3. Results

3.1. The Role of Antioxidants

Oxidative stress occurs due to an imbalance between the production of free radicals and the antioxidant system. An increase in free radicals damages the cellular components. A long-term increase in blood glucose leads to the imbalance that is found in diabetes mellitus (13). Glucose is able to oxidized automatically and can bind to proteins non-enzymatically, resulting in the formation of AGEs or polyol pathway involvement, together with the activation of aldose reductase. Ultimately, it results in the depletion of nicotinamide adenine dinucleotide phosphate and an increase in nicotinamide adenine dinucleotide. In addition, hyperglycemia occurring during diabetes mellitus leads to an increase in NO synthase and xanthine oxidase activity (14).

Crocus sativum contains compounds, such as carotenoids, one of which is crocin, an antioxidant, which could be used in the treatment of diabetes mellitus as its potential has been demonstrated in various studies. The effect of crocin on diabetic rats was investigated and it was shown that it caused a significant reduction in blood glucose, lipid profile, and glycated hemoglobin (15). The anti-diabetic effect of saffron was also confirmed in another study, probably owing to its antioxidant properties (16).

It was demonstrated in a study by Barari et al. that the antioxidant properties of a substance in milk thistle (Silybum marianum), especially a flavonoid called silymarin, were reduced by inflammatory agents such as tumor necrosis factor-α and interleukin-6 (17). To evaluate the antioxidant effect of silymarin, it was injected into alloxan-induced diabetic rats. Superoxide dismutase, glutathione peroxidase, and catalase activity was examined at the end of the treatment period and the results showed a significant increase in the enzyme activity therein. Thus, silymarin plays an important role in the body’s defense against free radicals (18). Antioxidants, useful in treating diabetes mellitus, are found in green and sour tea.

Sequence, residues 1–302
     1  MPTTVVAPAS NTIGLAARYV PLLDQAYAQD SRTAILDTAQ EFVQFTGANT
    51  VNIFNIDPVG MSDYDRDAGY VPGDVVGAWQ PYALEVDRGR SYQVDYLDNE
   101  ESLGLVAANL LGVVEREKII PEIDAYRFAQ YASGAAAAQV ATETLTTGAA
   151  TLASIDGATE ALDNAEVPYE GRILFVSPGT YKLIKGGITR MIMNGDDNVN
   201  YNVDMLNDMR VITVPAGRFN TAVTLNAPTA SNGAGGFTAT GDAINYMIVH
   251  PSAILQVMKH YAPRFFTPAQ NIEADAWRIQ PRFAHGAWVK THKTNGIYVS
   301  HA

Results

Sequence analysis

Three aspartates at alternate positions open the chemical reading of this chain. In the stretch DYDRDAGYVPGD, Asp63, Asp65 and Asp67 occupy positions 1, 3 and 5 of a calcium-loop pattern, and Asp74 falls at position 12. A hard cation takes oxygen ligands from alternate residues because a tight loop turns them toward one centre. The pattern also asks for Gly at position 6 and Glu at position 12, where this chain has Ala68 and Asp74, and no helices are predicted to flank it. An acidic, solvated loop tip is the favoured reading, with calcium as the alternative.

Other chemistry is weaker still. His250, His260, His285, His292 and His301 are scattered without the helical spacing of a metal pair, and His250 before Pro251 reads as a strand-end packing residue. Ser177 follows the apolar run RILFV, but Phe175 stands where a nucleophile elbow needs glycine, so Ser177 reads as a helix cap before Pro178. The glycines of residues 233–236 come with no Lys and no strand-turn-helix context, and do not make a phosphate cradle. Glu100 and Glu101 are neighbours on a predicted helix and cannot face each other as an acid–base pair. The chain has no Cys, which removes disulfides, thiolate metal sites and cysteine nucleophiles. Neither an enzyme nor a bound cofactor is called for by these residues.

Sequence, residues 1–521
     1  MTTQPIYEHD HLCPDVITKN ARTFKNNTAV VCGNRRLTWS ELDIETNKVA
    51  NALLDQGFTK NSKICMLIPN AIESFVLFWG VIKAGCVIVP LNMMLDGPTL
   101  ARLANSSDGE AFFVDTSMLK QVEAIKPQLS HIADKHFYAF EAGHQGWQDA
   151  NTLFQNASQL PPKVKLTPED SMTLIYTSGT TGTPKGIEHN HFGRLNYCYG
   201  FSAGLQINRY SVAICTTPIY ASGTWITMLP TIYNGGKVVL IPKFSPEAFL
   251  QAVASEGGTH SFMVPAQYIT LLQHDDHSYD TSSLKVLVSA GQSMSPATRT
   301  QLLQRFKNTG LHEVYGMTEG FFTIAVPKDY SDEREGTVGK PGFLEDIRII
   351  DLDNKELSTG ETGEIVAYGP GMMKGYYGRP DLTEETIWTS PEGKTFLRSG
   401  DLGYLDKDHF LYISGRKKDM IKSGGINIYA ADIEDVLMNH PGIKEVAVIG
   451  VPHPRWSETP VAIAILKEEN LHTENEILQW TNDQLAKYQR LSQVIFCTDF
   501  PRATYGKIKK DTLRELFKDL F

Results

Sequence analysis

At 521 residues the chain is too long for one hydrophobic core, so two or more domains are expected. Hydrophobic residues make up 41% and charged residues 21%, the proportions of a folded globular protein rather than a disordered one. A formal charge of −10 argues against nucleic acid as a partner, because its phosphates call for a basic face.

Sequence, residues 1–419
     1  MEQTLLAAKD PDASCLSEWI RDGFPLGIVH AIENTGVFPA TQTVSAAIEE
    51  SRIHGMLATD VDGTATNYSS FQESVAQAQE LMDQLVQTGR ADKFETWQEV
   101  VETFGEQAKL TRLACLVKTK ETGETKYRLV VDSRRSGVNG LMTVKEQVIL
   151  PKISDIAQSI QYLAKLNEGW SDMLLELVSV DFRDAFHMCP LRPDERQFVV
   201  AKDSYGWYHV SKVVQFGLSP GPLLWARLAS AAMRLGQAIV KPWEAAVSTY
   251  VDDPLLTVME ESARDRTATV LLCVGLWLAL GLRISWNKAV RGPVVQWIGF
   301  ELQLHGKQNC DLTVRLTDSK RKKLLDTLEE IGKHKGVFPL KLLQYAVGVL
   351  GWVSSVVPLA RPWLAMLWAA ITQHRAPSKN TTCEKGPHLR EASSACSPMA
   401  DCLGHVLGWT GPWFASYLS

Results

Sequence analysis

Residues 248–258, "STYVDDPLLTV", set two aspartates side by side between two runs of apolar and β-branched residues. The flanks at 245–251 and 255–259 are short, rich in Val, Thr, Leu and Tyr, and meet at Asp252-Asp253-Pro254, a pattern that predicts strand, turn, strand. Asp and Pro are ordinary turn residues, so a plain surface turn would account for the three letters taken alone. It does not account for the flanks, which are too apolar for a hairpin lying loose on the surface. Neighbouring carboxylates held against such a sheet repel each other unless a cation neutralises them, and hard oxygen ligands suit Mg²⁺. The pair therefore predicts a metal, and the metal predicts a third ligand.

The effects of antioxidants on patients with type 2 diabetes mellitus were examined in another study. It was shown following an evaluation of factors such as blood glucose, insulin, lipid profile, and antioxidant levels, that both plants were effective in reducing antioxidant levels and the lipid profile (19).

Celery (Apium graveolens) is an antioxidant herb and contains flavonoids, such as apigenin and apiin. The antioxidant properties of this herb lead to an increase in the fertility and improvement of sperm performance (20, 21). It was shown that the antioxidant activity of hydro-alcoholic leaf extract of celery decreased the lipid profile in rats on a high-fat diet (20). It was also reported in another study (22) that a reduction in blood glucose and activity increased the enzyme activity of superoxide dismutase, catalase, and glutathione reductase. However, a significant increase in alanine transaminase and aspartate transaminase levels in diabetic rats treated with n-butanol extract of celery was not found (22).

3.2. Effect on Adiponectin Releasing

As an endocrine tissue, adipose tissue plays a role in energy balance in the body through the release of active ingredients, such as resistin, adipsin, leptin, and adiponectin (23). Two human adiponectin receptors are found in the skeletal muscles. They intermediate the effect of globular and full-length adiponectin. An increase in the expression of these receptors is associated with an increase in insulin sensitivity (24). Adiponectin affects the gluconeogenesis process and fatty acid oxidation through 5’ adenosine monophosphate-activated protein kinase (AMP)-dependent protein kinase and peroxisome proliferator-activated receptor (PPAR) in the liver. Moreover, it increases glucose uptake in the peripheral tissues and stimulates insulin secretion, ultimately leading to a regulation of the body’s energy (25). The interaction between adiponectin and adapter proteins, such as adaptor protein containing PH domain, phosphotyrosine-binding domain, and leucine zipper, is important in the adiponectin signaling pathway and for an increase in insulin sensitivity (26).

The biological activity of flavonoids is frequent and it has been observed that they are effective in adiponectin secretion from the adipose tissue (27). Tiliroside increases the level of serum adiponectin in obese-diabetic (KK-Ay) mice (28). It was confirmed in a study on the aqueous and hydro-alcoholic extracts of Momordica charantia that an aqueous extract at a concentration of 0.2 mg/mL, along with 0.5 nM insulin, increased glucose absorption (61%) and adiponectin secretion (75%) in the 3T3-L1 cells, while 0.4 mg/mL of ethanol extract increased glucose uptake only in the presence of 50 nM insulin. In fact, the compounds of aqueous extract are effective in adiponectin secretion and glucose uptake in very low insulin concentrations (29).